“Getting GOP support [on energy policy not based on domestic drilling] is a difficult sell,” Lambert said Wednesday, the same day he successfully blocked a Republican-led effort to pull the state out of RGGI. “I’m a conservative on a lot of issues, but there’s a camp out there that says that if the free market doesn’t control energy, we don’t want to have anything to do with it.”
The notion of over-reliance on foreign oil has always carried weight within the Republican Party. The issue, however, has largely been answered by a call to increase domestic drilling. That, he says, is a fallacy that scores easy political points but falls short as a feasible solution. Lambert notes that the U.S. consumes a quarter of the world’s oil output while holding three percent of the known reserves. “We cannot drill our way out,” he said.
Instead, he says his party needs to take the lead on energy security, and it needs to do it by promoting renewable energy as a job creator and as a sustainable solution to the country’s energy needs. But does his party see it that way?
“I’m not seeing a lot of momentum,” said Lambert. “What really concerns me as a Republican is that the Democrats have stolen this issue from us. And there’s no reason for them to do that. This is about America’s future. This is about national security. We should be out on the lead with this.”
Both Baucom and Lambert have had extensive military careers and each has been involved in numerous foreign conflicts. They both painted a stark picture of the current landscape, the potentially volatile times ahead and the role the military gain play in leading change.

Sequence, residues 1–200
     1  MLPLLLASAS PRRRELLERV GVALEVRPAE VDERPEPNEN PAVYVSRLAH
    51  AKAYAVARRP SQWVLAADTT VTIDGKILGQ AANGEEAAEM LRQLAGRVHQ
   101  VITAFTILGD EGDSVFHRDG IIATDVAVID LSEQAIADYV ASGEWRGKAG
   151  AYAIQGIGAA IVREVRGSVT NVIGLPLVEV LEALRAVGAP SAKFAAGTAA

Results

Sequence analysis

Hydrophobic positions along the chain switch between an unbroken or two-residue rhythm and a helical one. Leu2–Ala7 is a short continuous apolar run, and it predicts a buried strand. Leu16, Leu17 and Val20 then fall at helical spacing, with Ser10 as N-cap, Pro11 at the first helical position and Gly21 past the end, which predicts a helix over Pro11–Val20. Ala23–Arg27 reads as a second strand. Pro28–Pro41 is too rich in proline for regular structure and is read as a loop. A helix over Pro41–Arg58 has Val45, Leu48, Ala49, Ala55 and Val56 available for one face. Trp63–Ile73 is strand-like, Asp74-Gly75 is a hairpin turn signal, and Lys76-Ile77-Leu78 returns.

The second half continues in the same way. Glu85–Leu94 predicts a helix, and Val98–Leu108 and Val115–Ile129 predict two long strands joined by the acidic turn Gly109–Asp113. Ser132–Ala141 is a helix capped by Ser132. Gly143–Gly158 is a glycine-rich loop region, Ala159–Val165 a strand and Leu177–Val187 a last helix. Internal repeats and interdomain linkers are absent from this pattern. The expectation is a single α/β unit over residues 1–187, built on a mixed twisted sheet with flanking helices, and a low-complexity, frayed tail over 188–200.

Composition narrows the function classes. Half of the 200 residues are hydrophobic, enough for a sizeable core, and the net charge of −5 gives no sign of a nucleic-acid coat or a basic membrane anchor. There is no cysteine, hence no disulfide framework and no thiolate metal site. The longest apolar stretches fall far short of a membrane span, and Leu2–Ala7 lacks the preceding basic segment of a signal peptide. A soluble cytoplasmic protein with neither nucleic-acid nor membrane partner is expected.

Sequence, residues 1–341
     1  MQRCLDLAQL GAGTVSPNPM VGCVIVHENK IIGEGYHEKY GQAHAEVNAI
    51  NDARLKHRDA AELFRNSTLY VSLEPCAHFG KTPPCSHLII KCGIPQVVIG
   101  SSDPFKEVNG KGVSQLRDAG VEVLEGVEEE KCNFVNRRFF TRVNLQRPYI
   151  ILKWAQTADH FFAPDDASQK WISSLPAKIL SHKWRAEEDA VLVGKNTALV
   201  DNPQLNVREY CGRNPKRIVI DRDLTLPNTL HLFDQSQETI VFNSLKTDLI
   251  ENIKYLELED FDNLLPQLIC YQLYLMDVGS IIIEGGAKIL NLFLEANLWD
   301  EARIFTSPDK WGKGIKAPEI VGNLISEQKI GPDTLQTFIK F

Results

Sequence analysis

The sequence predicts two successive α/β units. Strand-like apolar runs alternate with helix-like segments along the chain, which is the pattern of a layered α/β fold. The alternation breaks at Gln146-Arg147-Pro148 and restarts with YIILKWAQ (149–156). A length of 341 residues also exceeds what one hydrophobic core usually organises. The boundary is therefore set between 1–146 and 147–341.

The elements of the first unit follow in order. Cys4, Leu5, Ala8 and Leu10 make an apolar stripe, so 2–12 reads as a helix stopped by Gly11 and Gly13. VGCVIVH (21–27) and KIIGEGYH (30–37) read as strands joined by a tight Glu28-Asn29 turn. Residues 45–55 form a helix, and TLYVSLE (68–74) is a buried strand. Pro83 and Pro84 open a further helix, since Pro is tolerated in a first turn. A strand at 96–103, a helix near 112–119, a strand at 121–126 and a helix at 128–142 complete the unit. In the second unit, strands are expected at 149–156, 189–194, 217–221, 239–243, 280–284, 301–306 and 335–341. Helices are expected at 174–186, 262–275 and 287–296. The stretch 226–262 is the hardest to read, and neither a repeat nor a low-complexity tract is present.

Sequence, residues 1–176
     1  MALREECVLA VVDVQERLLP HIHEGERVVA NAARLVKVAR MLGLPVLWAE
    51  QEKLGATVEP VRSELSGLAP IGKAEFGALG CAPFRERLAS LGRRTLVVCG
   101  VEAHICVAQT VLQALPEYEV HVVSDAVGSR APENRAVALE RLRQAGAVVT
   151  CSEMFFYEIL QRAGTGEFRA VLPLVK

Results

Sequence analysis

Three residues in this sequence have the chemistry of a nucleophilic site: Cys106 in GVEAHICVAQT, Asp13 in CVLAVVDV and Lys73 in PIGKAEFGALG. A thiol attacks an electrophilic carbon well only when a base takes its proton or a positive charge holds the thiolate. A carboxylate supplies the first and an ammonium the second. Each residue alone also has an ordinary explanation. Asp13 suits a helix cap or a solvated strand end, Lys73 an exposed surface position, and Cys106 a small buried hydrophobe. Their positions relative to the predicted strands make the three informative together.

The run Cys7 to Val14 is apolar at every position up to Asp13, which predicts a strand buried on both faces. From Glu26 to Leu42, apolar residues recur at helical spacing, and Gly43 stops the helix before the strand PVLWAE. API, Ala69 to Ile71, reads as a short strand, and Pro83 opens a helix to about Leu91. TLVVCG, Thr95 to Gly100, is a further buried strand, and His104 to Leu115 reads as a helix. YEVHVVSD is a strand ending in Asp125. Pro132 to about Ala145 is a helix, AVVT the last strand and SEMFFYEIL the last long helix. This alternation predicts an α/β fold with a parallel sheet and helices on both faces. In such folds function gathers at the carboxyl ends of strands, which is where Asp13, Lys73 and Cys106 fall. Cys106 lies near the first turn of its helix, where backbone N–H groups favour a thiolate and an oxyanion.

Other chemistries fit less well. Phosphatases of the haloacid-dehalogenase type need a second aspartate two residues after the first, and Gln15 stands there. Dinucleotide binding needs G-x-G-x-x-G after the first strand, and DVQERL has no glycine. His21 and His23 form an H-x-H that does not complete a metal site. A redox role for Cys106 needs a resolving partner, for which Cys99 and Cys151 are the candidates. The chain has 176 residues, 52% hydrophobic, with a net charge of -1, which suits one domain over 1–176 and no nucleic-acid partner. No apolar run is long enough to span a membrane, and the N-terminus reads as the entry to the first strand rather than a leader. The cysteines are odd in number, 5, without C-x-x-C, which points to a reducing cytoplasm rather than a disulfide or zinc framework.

Among the points they made:
- Addiction to foreign oil and climate change are national security threats that are now spelled out in our national military strategy.
- Dependence on foreign oil funnels money into regimes that often are not friendly to the United States, and some of that money likely ends up with the very terrorists that are targeting American forces.
- The Department of Defense is the largest single consumer of oil in the United States, accounting for 93 percent of all the federal energy consumption at 340,000 barrels of oil a day.
- Fuel convoys are ripe targets in war-torn areas, and using renewable technology like solar power gives a tactical advantage that will ultimately save lives.
Strides Already Made
There has already been a change — or an order, if you will — that has come from the highest levels of the Pentagon. While the shift hasn’t necessarily resonated politically, Baucom says it has been noticed by the rank and file members of the military.’
“I think there’s a growing pride,” said Baucom. “Sailors are proud that we don’t throw trash in ocean anymore, we don’t pollute as much as we used to and we have a lessening impact on the environment.”
At Nellis Air Force Base in Nevada, most of the energy output comes from a solar installation while at a Navy and Marine training facility at Dam Neck, Va., about half the power comes from geothermal sources. On the same day as the press conference, the Department of Energy announced a deal to install solar panels at 160,000 rooftop locations at military bases in 33 states.
In August, the military announced a plan to install large-scale renewable energy projects on its lands to meet a goal of drawing 25% of electricity from clean sources by 2025.
Even more potential comes from biofuels that will be used by the Air Force and the Navy. Also in August, President Obama announced a federal investment of $510 million over three years to produce advanced drop-in aviation and marine biofuels. The goal is that by 2016, all military fuel will be blended with 50 percent biofuel.
That type of progress brings Baucom back to his days as a fighter pilot. “When I used to fly F-14s, I’d go through 2,000 gallons of jet fuel in 15 minutes in full afterburner. That’s a lot of foreign oil to go through. Cut that in half, and it’s a step in the right direction.”
September 15, 2011
Posted by Madhava Gosh under Jokes Leave a Comment
Thanks to Sita Pati for this one.
Click on thumbnail
« Previous Page — Next Page »